As we wait and hope for an end to the NHL lockout, Canadiens fans can relive the 1992-93 season – the last year the Habs won the Stanley Cup – at HIO as we post game stories from that season.
The Habs took a 20-8-3 record into a game against the New York Rangers on Dec. 13, 1992 at Madison Square Garden. Below is Red Fisher’s story from that game:
The embarrassment; Racicot’s standing as Habs’ No. 2 goalie takes a pounding
NEW YORK – What’s to be done with the wreckage after the roof falls in? Crate it and forget about it?
“That’s the last thing you’d want to do,” snapped an exercised Brian Skrudland in the moments after this 10-5 lashing administered by the New York Rangers. “I’d look back on this every time we started feeling we can start a game down two goals. I’d think about it over and over again,” said Skrudland. “I’d look at it over and over again.”
Skrudland, obviously, has a strong stomach.
The Embarrassment was the worst inflicted on the Canadiens since they crashed 11-6 to Hartford early in the 1985-86 season. It was, in every way, a team effort, but the problem is that one player is likely to take the hit for it.
In other words, hold the anointment of Andre Racicot as the unchallenged backup to Patrick Roy. He was bad in a 31-shot game. Horrid, when it’s considered that the Rangers scored early and frequently in each of the three periods. On the other hand, he had more than sufficient company – in every area.
What went wrong? Everything.
Well, let’s see.
Perhaps the best way to explain it is that Racicot was treated like a guy with an infecious disease by most of his associates. They stayed so far away from him, they were in another time zone.
“Give up goals early,” fumed Skrudland, “and it catches up to you, and we didn’t care enough about it. If hurtin’ doesn’t start now, it won’t happen in April and May. That was our problem last year. When it was all over, the hurtin’ wasn’t enough.
“I feel badly for Andre,” said Skrudland. “It’s not like us to give up. If you don’t feel something from this, it makes for a long season.”
Racicot felt something after relinquishing two goals apiece to Sergei Nemchinov and Doug Weight, and others to Tony Amonte, Steve King, James Patrick, Alexei Kovalev, Mark Messier and Mike Gartner.
“I’m not going to let one game ruin my career,” he sighed.
True, but it’s also true that managements don’t sit still when the opposition leaves its backup goaltender in tatters – no matter what the reason happens to be.
It’s also particularly annoying when the goals come early and quickly – and what’s earlier and quicker than Amonte and King scoring within 10 seconds in the third minute of the game? Or Patrick and Weight scoring in the first and fifth minutes of the second period.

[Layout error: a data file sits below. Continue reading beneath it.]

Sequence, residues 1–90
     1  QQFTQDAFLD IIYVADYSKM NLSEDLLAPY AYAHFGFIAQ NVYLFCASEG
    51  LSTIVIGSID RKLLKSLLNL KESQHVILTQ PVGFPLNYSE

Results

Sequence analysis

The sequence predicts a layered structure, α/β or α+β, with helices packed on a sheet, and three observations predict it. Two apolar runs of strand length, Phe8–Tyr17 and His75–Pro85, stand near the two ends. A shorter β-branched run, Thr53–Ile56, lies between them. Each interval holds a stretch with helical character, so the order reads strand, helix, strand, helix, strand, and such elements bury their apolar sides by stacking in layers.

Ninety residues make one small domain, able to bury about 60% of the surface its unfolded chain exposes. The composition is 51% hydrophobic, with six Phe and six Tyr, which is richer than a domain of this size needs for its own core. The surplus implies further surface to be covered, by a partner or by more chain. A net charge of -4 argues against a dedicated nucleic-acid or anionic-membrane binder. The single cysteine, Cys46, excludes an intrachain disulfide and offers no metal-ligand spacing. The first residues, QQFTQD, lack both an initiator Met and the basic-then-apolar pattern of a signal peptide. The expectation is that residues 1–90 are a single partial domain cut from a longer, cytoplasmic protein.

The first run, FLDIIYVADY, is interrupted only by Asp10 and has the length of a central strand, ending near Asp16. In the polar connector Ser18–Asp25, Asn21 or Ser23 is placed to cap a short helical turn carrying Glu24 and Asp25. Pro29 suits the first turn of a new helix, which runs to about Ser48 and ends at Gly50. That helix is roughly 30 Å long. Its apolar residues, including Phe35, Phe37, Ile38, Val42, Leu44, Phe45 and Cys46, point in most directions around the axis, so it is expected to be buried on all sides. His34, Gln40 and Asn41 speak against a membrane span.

Then, there’s Nemchinov and Messier getting goals before the third period was two minutes old.
Say this much about Racicot: he’s consistent.
In his last starting assignment, he relinquished two goals in the first three shots he faced. Last night: two goals in four shots.
Neither goal – and others later – was high quality stuff. They were goals which prompt coaches to change quickly, but patience is something Jacques Demers is determined to bring to the arena. It’s what he used in Winnipeg – and it paid off handsomely when Racicot lifted his game several levels to lead the Canadiens to a 3-2 overtime victory. Sadly, it’s what Demers used last night – and paid the price for it. Sadly, because no goaltender should be allowed to face that much embarrassment.
Oh: the Canadiens goal-scorers were Mathieu Schneider and Stephan Lebeau with two apiece, and Mike Keane getting the others.
Racicot, who went the distance, got the starting assignment for all of the right reasons. What it comes down to is that while he had won his last six games, the opposition was fairly soft. The suggestion from management was that he be used more and against stronger opposition and, yep, the Rangers in Madison Square Garden surely represent the best kind of oppositon.
The Rangers scored long and short. They scored quickly. They got good goals and bad ones, and what they showed most of all was a terrible lack of respect for the Canadiens, with two goals in the first period and four in each of the second and third periods.
“No respect for us at all,” grunted Skrudland.
(Photo by Peter Martin/The Gazette)